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Atomic Structure

electron shell
atomic nucleus
protons
neutrons
electrons

Figure 1: The composition of a simple helium atom (Rutherford–Bohr model)

electron shell
atomic nucleus
Protonen
neutrons
electrons

Figure 1: The composition of a simple helium atom (Rutherford–Bohr model)

Atomic Structure

The atom is basically composed of electrons, protons, and neutrons. The electrons, protons, and neutrons of one element are identical to those of any other element. There are different kinds of elements because the number and the arrangement of electrons and protons are different for each element.

The electron carries a small negative charge of electricity. The proton carries a positive charge of electricity equal and opposite to the charge of the electron. Both the electron and proton have the same quantity of charge, although the mass of the proton is approximately 1,827 times that of the electron. In some atoms there exists a neutral particle called a neutron. The neutron has a mass approximately equal to that of a proton, but it has no electrical charge.

According to theory, the electrons, protons, and neutrons of the atoms are thought to be arranged in a manner similar to a miniature solar system. Notice the helium atom in the figure. Two protons and two neutrons form the heavy nucleus with a positive charge around which two very light electrons revolve. The path each electron takes around the nucleus is called an orbit. The electrons are continuously being acted upon in their orbits by the force of attraction of the nucleus. To maintain an orbit around the nucleus, the electrons travel at a speed that produces a counterforce equal to the attraction force of the nucleus. Just as energy is required to move a space vehicle away from the earth, energy is also required to move an electron away from the nucleus. Like a space vehicle, the electron is said to be at a higher energy level when it travels a larger orbit. Scientific experiments have shown that the electron requires a certain amount of energy to stay in orbit. This quantity is called the electron's energy level. By virtue of just its motion alone, the electron contains kinetic energy. Because of its position, it also contains potential energy. The total energy contained by an electron (kinetic energy plus potential energy) is the main factor that determines the radius of the electron's orbit. For an electron to remain in this orbit, it must neither gain nor lose energy.

N-shell
M-shell
L-shell
K-shell

Figure 2: Copper atom (Rutherford–Bohr model)l

N-shell
M-shell
L-shell
K-shell

Figure 2: Copper atom (Rutherford–Bohr model)

The orbiting electrons do not follow random paths, instead they are confined to definite energy levels. Visualize these levels as shells with each successive shell being spaced a greater distance from the nucleus. The shells, and the number of electrons required to fill them, may be predicted by using Pauli's exclusion principle:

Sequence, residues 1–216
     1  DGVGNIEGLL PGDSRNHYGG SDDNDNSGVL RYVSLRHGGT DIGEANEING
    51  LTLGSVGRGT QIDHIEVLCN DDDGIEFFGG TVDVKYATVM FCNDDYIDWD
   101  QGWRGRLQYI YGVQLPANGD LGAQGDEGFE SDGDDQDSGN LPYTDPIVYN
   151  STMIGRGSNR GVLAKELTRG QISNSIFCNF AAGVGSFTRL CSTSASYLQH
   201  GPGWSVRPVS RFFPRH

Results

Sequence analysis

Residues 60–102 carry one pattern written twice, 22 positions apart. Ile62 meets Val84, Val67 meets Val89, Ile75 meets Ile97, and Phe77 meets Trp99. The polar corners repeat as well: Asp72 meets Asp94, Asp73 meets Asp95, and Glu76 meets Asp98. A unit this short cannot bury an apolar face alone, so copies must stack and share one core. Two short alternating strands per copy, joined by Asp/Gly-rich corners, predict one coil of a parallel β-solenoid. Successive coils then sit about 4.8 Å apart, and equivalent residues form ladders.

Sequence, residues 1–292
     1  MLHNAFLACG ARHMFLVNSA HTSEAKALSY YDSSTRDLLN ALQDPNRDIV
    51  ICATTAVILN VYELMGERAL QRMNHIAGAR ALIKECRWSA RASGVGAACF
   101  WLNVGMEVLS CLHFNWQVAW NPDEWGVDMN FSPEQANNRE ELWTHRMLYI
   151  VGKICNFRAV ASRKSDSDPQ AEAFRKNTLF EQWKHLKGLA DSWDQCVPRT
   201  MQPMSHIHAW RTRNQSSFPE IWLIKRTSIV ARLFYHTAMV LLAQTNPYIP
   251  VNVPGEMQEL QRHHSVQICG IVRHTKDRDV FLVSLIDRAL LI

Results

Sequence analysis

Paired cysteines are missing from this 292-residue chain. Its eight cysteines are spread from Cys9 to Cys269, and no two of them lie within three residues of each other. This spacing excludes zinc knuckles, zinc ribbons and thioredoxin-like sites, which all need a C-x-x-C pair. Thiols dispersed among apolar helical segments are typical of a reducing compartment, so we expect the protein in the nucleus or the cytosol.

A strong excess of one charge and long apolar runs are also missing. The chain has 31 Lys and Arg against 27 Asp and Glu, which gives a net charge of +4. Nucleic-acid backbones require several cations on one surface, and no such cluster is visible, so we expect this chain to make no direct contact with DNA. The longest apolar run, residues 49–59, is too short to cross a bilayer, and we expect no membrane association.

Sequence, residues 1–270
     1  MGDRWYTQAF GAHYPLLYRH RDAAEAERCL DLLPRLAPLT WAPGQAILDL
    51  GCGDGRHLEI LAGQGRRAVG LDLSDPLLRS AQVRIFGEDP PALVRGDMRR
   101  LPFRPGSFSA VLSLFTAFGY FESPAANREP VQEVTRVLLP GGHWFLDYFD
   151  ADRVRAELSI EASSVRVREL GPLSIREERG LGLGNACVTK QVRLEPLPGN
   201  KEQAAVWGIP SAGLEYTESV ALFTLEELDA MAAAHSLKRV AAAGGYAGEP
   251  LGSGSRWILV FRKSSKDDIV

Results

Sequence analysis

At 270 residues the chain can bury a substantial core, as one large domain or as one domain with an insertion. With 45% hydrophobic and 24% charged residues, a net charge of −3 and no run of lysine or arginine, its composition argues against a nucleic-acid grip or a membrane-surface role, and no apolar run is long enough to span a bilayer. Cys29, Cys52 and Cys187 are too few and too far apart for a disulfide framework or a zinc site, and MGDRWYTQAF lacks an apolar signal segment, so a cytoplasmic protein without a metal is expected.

K-shell2 electrons(n=1)
L-shell8 electrons(n=2)
M-shell18 electrons(n=3)
N-shell32 electrons(n=4)

Table 1: The number of electrons required to fill the shells

Simply stated, this principle specifies that each shell will contain a maximum of 2·n2 electrons, where n corresponds to the shell number starting with the one closest to the nucleus. By this principle, the second shell, for example, would contain 2·22 or 8 electrons when full. A list of all the other known elements, with the number of electrons in each atom, is contained in the Periodic Table of Elements. This periodic table of elements can be explanated physically with help of the „Bohr-Sommerfeld” theory of atomic structure.

Energy Bands

Orbiting electrons contain energy and are confined to definite energy levels. The various shells in an atom represent these levels. Therefore, to move an electron from a lower shell to a higher shell a certain amount of energy is required. This energy can be in the form of electric fields, heat, light, and even bombardment by other particles. Failure to provide enough energy to the electron, even if the energy supplied is just short of the required amount, will cause it to remain at its present energy level. Supplying more energy than is needed will only cause the electron to move to the next higher shell and the remaining energy will be wasted. In simple terms, energy is required in definite units to move electrons from one shell to the next higher shell. These units are called quanta (for example 1, 2, or 3 quanta).